The city of San Diego is located in sunny Southern California in close proximity to the Southwest Border (SWB) between the United States and Mexico. Many of the drugs that come up into the United States do so across the SWB from Mexico, which puts San Diego right in the path of major drug distribution traffic.
According to the Drug Enforcement Agency’s (DEA) 2016 National Drug Threat Assessment almost three-quarters of all methamphetamine that American law enforcement seized during 2015 was in California. Black tar heroin also makes its way up into San Diego from Mexico.
In San Diego, local drug abuse prevention efforts are initiated by both federal and community-based agencies. Drug abuse, addiction, and recovery services in the state of California and within the city of San Diego are offered by a range of public and private providers.
Drug abuse, addiction, and recovery services in San Diego are managed by the Behavioral Health Services (BHS) Division of the San Diego County Health and Human Services Agency (HHSA). In California, each region designates a County Mental Health Department that oversees local treatment providers. BHS is this agency for residents of San Diego.
BHS and San Diego HHSA support Live Well San Diego, which is a local initiative supporting strong and healthy communities. BHS-contracted and county-operated treatment facilities offer intervention, prevention, treatment services, and integrated care for co-occurring mental health and drug abuse concerns for families, children, youth, adults, and older adults. The network of care through BHS contracts with more than 300 community partners, 11 county-operated, and 800 fee-for-service providers in San Diego County.
To find a treatment provider, residents can access the interactive online network, or use the service directory and search under the addiction recovery tab for local providers. For immediate help and crisis intervention, individuals should call 911 or use 211 San Diego — a nonprofit organization providing free and confidential access to information and local resources. The Access and Crisis Line is also available 24/7 for residents of San Diego offering instant support and connection to necessary resources. There are many additional local resources for residents of San Diego.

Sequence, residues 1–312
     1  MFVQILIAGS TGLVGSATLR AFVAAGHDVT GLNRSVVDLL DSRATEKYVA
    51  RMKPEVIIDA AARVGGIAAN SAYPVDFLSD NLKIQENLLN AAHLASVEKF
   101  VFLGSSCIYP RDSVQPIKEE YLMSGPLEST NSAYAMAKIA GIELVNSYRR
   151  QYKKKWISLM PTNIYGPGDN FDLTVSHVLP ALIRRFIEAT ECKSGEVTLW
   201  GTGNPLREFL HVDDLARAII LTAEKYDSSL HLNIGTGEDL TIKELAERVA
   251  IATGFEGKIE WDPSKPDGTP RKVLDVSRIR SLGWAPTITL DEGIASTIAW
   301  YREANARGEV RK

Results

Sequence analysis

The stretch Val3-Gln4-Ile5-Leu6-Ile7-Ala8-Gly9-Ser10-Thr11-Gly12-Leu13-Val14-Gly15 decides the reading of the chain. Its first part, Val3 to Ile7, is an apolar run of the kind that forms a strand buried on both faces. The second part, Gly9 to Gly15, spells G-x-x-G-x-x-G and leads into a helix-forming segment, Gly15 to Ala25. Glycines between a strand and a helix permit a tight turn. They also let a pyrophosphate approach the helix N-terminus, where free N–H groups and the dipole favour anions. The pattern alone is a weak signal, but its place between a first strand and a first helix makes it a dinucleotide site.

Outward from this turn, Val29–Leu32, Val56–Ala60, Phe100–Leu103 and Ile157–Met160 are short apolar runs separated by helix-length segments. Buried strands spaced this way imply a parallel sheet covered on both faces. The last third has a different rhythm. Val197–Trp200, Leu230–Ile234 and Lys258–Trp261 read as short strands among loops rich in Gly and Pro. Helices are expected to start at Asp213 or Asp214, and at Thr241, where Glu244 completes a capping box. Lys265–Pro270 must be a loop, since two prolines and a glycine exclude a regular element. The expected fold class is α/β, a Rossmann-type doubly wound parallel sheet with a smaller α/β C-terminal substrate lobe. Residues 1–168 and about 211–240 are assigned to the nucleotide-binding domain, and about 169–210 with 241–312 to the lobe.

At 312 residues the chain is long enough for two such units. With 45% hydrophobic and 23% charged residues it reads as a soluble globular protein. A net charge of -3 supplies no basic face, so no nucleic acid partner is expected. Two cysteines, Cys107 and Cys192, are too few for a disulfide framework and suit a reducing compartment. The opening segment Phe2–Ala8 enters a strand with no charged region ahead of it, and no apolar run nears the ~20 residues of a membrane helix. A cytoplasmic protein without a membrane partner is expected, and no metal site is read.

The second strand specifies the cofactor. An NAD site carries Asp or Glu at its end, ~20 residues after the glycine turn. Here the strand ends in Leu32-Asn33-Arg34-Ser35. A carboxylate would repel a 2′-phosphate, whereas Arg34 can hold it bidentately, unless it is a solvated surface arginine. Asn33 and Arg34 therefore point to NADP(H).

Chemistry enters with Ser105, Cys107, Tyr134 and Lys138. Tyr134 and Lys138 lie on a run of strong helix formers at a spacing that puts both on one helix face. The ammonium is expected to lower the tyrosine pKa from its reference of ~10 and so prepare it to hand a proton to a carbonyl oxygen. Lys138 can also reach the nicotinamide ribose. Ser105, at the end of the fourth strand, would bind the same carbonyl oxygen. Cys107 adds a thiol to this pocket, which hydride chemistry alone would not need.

• It’s Up to Us San Diego (Up2SD): This site offers a listing of addiction and substance use resources for San Diego County.
• San Diego County Meth Strike Force: This organization provides a hotline for residents of San Diego County to call for help and also offers a host of resources for meth abuse and addiction treatment and recovery support.
• SAY (Social Advocates for Youth) San Diego: This local nonprofit organization promotes the health and well-being of children. They strengthen communities by providing a range of resources, including youth alcohol and drug abuse prevention programs.
• Fee-for-Service Provider Directory: This directory offers current information on local providers broken down by region in San Diego, including contact information, location, languages spoken, demographics treated, potential availability, and types of services provided.
• Behavioral Health Treatment Services Locator: Operated by the Substance Abuse and Mental Health Services Administration (SAMHSA), this interactive web-based tool can be used to find local treatment options by service type and zip code.
• Adult/Older Adult Mental Health Outpatient Clinics Listings: This features information on local providers offering outpatient treatment services to beneficiaries of Medi-Cal or adults without insurance.
• Medication Assisted Treatment Patient Referral Directory: This offers local provider information for MAT services in San Diego.
• San Diego County Prescription Drug Abuse Task Force: This group offers a host of resources for obtaining addiction treatment in San Diego as well as prevention efforts and information geared toward teens.
• Alcoholics Anonymous (AA) San Diego County: This peer and recovery support organization offers local 12-step program meetings.
• San Diego Imperial Counties Region of Narcotics Anonymous (NA): This organization provides local support and 12-step meetings for recovery.
• SMART (Self Management and Recovery Training) Recovery San Diego: This self-help organization hosts local meetings to sustain abstinence and recovery.
• San Diego Crystal Meth Anonymous (SD CMA): This 12-step program supports recovery for individuals struggling with meth addiction
Public drug treatment services in San Diego are provided to low-income residents, beneficiaries of Medi-Cal (California’s Medicaid program) and those without insurance. These services are often provided for free or at a low cost. Private, or fee-for-service, drug abuse and addiction treatment providers commonly accept insurance and work with residents to determine payment options.
Drug abuse treatment services in San Diego include assessments, case management, intervention and crisis services, prevention programs, outpatient and inpatient treatment programs, transitional services and sober living homes, support groups, medication management, integrated treatment for co-occurring disorders, and recovery support services.
There were over 15,000 adults admitted into a drug treatment program in San Diego County in 2015. Around 30 percent of these treatment admissions cited heroin or meth as the primary drug of abuse. Both of these powerful, addictive, and illegal drugs are highly prevalent in San Diego.